Review from -Born In Blood - www.borninblood.co.uk/forum/viewtopic.php?f=55&t=6042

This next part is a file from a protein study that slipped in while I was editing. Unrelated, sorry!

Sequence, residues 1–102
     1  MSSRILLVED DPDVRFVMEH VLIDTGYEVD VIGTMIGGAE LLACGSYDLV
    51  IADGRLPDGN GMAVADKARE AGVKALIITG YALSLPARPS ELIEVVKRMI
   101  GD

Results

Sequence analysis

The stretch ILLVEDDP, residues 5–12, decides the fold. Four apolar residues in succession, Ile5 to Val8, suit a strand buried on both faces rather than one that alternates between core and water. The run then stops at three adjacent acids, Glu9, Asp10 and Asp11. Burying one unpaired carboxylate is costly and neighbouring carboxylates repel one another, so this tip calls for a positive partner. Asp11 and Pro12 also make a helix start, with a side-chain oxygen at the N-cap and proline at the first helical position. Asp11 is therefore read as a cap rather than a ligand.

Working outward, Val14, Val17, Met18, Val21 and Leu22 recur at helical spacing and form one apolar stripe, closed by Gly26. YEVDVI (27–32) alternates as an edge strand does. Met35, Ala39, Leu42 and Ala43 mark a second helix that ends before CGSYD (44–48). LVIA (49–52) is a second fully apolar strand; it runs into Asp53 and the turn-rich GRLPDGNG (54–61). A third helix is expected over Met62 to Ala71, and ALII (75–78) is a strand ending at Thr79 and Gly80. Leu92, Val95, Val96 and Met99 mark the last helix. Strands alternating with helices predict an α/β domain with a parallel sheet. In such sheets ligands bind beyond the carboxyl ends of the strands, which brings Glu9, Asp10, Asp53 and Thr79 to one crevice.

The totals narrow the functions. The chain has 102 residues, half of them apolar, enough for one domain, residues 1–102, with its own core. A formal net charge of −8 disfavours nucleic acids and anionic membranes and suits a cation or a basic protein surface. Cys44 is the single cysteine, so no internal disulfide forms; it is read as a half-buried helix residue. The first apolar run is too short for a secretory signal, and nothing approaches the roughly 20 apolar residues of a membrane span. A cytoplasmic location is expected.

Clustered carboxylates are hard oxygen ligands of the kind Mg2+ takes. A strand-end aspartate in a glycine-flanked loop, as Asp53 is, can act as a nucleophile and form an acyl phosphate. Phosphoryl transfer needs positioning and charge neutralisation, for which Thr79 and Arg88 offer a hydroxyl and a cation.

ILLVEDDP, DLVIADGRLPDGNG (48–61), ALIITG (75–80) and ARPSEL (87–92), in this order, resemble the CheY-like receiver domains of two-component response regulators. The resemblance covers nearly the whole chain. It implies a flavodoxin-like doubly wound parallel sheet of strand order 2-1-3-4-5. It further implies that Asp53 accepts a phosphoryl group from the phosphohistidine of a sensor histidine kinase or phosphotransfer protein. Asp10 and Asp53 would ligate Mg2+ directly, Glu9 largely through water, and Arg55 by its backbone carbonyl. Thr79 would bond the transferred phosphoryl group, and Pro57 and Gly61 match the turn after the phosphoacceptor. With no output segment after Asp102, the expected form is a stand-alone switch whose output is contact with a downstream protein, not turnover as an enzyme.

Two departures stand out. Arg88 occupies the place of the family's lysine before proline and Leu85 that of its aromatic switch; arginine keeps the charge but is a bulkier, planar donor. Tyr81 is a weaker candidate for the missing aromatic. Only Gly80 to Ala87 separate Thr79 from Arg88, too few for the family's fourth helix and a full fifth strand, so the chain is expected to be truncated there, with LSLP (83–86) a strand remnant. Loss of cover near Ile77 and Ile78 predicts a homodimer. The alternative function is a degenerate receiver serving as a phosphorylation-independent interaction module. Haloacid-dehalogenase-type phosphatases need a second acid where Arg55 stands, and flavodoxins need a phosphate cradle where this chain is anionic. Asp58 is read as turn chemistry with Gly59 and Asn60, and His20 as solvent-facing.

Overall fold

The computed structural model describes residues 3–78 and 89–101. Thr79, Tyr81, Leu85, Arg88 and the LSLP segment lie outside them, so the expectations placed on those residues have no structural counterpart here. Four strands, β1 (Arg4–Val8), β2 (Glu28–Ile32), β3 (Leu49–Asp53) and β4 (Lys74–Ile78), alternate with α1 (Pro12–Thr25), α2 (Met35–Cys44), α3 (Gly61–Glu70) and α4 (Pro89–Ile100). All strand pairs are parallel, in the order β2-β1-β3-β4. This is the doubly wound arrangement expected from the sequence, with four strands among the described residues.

The album starts gently and builds gaining intensity and heaviness as it goes. The tracks blend into one another seamlessly and each builds on what has gone before. They form an album in the truest sense of the word rather than a collection of tracks. May I use an analogy? It’s a bit like an 18 wheeler parked on a long, long hill, one that would take 40 minutes to travel. You take the handbrake off, and off you roll. It’s not a steep hill, it does have its deeper and shallower moments, and as the road levels during these passages, it’s as if you have would the windows down and all you can hear is the wind and the sound of the tyres rolling on the gravel road. The volume builds and beats a rhythm, repetitive, rhythmic, Industrial, like the sound of pile drivers at work behind a distant steel plant. The road would appear to go on forever as sense of time is lost. And deep within that softness, is hardness, a heaviness that is so genuine it burdens the soul. It’s not the sort of heaviness you get through impact. There are no grinding guitars at work here, it’s achieved by steadily increasing the pressure of the air around you. Distant screaming, drones, solitary notes fading in and out again, humming, like a mantra, singing OM to pay homage to the industrialised nation. Downer, Stoner, Sludge Doom, Ambient, Rock. Getting back to that truck analogy, it’s been rolling a good 15 minutes now and you are not aware of the speed it has picked up (speed be analogous to intensity), Sludge guitars have been hitting single chords for minutes now and you’ve just noticed them. This is the art of ambience, to hear without listening. Riffs that shimmer in the desert heat haze (did I mention this road is in the desert?). Blistering hot metal to touch, so you turn you imaginary fan on, only to find it’s broken and it really is damn hot and claustrophobic in here. But around track 7 the air conditioning suddenly starts working again, but it’s making some weird noises. The temperature drops and keeps ..ping despite your efforts to turn the damn thing off. Ice starts to form on the windows. Images of the road ahead go berserk, the sky turns orange, the road turns upside down. The steering wheel turns into a giant python and tries to swallow. And as you grapple with this monster with you hands around its neck and the truck thunders down that hill, you say to yourself “Yep, that damn guy with the long hair, Afghan coat, bandana and beads at that transport cafe, has slipped a tab of LSD in my coffee, and all because I told him my last album was called ‘Hippie Killer’. After what seems like two days, things calm down again and panic is replaced by paranoia. New will never be so relieved to hear the familiar and comforting sounds of the heavy metal sludge that breaks through this veil of terror. Praise the Bong! This album is a journey and it may take a while for you to get that. It’s no good expecting the quick gratification of a chorus and verse, or putting this on without experiencing the whole thing. It is quite simply a wonderful album. I think it’s a masterpiece.